• Do you require a minimum account volume commitment?
  • Describe your QA program. What are your quality commitments?
  • How is quality measured? By chart or by codes?
  • What training curriculum / methodology is being used for ICD-10?
  • What is your standard escalation procedure?

Secure Multiple Firms
The exact coding volume increase resulting from ICD-10 remains only an estimate. Reliance on a single coding firm increases organizational risk. If at all possible, avoid putting all efforts or money into one outsourced coding vendor or plan of action.

With so much ahead of them, HIM professionals need the collective intelligence and resources of multiple outsourcing partners. Best practice is to contract with multiple outsourced firms for ICD-10 support.

Leverage Resources
Outsourced coding firms typically provide several services and a variety of skilled resources. According to the AHIMA survey, HIM directors prefer outsourced partners offering multiple skill sets such as support for end-to-end testing, physician education, coding audits and revenue impact assessments.

Furthermore, by using outsourced resources both within and outside the HIM department, maximum return on investment is realized and ICD-10 implementation is expedited.
For example, one customer contracted with a firm for both coding and CDI assessments. Coupling efforts strengthened the partnership between CDI and coding teams while hastening documentation readiness and physician education for ICD-10. Coder assessments and education also combine effectively: assess first, then educate to needs. Using the same product or system streamlines the process.

One large urban hospital chose their coding services provider of 20 plus years, to also complete ICD-10 operational assessments, awareness workshops, communication campaigns, training plans and clinical documentation gap analyses. The facility also used the provider to fill a new coding support role for their physician network central business office-freeing up in-house staff to complete ICD-10 training. The outsourced firm’s resources are also being used to provide physician shadowing, one-to-one audit and education for physicians, as well as advanced, scenario-based ICD-10 training boot camps for hospital and physician network business office staff.
Finally, centralization of ICD-10 resources, outsourced or in-house, helps solve staffing challenges.

Will It Work for You?

A Hybrid Approach

How this method enhances EHR documentation.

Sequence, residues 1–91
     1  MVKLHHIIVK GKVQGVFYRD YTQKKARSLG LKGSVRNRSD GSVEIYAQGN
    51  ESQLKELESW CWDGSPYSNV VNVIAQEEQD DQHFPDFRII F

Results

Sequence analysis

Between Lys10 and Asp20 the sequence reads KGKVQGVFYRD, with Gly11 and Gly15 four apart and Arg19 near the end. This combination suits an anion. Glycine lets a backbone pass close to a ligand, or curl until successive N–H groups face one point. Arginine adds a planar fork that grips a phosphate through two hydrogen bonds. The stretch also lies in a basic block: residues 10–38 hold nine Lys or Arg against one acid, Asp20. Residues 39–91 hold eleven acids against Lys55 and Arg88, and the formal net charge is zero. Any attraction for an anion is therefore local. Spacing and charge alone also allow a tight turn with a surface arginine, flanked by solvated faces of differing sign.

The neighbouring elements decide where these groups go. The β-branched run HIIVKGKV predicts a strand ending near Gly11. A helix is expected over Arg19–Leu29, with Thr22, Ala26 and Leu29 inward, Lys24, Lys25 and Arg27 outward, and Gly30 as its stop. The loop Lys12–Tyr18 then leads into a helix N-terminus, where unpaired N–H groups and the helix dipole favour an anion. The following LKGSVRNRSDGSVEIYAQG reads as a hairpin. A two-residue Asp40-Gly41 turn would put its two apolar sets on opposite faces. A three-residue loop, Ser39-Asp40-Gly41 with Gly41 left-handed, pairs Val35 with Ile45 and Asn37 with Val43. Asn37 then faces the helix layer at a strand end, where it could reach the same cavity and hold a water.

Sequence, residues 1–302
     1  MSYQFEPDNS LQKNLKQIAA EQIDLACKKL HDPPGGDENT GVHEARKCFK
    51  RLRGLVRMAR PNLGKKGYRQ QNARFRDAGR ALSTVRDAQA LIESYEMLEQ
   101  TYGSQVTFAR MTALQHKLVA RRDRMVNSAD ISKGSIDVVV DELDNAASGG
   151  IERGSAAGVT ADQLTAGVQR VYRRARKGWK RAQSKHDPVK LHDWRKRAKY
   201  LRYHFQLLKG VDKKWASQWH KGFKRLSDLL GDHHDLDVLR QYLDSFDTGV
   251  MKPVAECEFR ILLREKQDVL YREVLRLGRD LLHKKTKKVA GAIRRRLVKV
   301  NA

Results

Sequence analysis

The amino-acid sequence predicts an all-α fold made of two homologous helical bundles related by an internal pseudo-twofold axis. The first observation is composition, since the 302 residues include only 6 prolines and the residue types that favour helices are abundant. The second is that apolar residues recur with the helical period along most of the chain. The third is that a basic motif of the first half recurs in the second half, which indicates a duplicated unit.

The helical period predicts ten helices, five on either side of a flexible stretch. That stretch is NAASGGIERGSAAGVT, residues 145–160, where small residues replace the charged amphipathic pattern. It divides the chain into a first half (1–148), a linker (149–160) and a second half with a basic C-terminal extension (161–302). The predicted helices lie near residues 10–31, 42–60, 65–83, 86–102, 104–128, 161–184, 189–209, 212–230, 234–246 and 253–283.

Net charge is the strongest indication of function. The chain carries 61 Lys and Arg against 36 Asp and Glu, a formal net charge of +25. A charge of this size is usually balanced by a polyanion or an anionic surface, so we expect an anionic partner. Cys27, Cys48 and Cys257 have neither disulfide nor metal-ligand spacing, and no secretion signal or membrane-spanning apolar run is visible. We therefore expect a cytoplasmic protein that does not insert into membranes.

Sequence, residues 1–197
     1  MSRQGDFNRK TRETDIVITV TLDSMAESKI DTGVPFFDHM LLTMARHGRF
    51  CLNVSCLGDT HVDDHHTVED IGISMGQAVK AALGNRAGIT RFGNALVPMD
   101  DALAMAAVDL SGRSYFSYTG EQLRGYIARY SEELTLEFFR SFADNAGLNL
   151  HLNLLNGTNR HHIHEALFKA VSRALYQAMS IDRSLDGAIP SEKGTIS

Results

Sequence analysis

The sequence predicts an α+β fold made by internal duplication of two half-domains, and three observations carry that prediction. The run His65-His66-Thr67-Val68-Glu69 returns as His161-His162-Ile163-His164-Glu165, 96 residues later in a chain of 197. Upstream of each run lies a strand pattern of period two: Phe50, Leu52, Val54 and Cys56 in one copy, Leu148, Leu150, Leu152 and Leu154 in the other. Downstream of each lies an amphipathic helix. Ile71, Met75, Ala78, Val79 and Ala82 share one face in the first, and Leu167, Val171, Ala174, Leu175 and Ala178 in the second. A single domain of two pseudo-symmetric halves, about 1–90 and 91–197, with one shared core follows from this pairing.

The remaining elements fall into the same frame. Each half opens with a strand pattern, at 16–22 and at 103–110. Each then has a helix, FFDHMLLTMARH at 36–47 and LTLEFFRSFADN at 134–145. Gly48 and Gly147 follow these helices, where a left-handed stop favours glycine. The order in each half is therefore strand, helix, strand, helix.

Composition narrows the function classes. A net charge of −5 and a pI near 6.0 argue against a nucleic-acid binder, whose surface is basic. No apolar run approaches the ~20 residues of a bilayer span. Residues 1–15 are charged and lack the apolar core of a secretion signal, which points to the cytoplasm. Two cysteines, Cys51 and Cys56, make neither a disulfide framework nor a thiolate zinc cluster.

Centralize ICD-10 Resources
An organization’s ability to leverage ICD-10 knowledge workers across a variety of areas helps balance workforce demands, staffing metrics and outsourcing contracts. With centralized ICD-10 staffing, new HIM hires and/or outsourced resources also serve as part-time or floating support for other ancillary departments. Workflows and processes are altered to “borrow” instead of “buy” additional personnel in non-HIM areas.

Centralization establishes a core team of ICD-10 expertise. Three possible areas to leverage ICD-10 knowledge include:

  • Medical Necessity Checking in Patient Access
  • Claims Suspensions in Patient Accounting
  • Physician Education and CDI

As an example, ICD-10 coders hired for dual-coding can assist CDI and physician education programs. These coders have spent months dual-coding live cases. They are well-versed in new documentation requirements and serve as validators of clinical documentation. Use their skills as far “up front” in the documentation cycle as possible for maximum effectiveness.

Virtually everyone in healthcare will feel the staffing impact of ICD-10. Any resource hired or contracted for ICD-10 should be leveraged throughout the organization.
Right Resources Mean Everything

HIM professionals can’t prevent the ICD-10 flood, but they can prepare for it. Outside contractors, partnerships and consultants should be seriously considered, strategically vetted and promptly secured. By partnering now, HIM professionals build a strong dike for their departments and organizations.

Elizabeth Stewart is corporate director of HIM at HRS.

Table: Four Tactics to Retain ICD-10 Coders

Coder retention becomes increasingly important as the October 1, 2014 deadline approaches. Here are four tactics to consider:

1. Secure employee contracts in exchange for complete ICD-10 training.

2. Promote from within, making several people team “leads” for the various components of the ICD-10 project.

3. Give a voice to employees. Ask them what they need to feel satisfied throughout the transition and post-transition to ICD-10.

4. Offer incentives for meeting milestones within the ICD-10 transition and post-implementation.


1. The Impact of ICD-10, CDI and CAC Initiatives within the Health Information Management Community”. Survey Conducted by: Barron Professional Consulting Services. Available online at:

2. “Meaningful Use Presents Health IT Execs with Opportunity for Significant Improvements”. HIMSS13 Survey Conducted by: Stoltenberg Consulting. Available online at:

3. “Regulatory Strategies from Medicare to Meaningful Use”. HealthLeaders Media Intelligence Report. December 2012. Available online at:

About The Author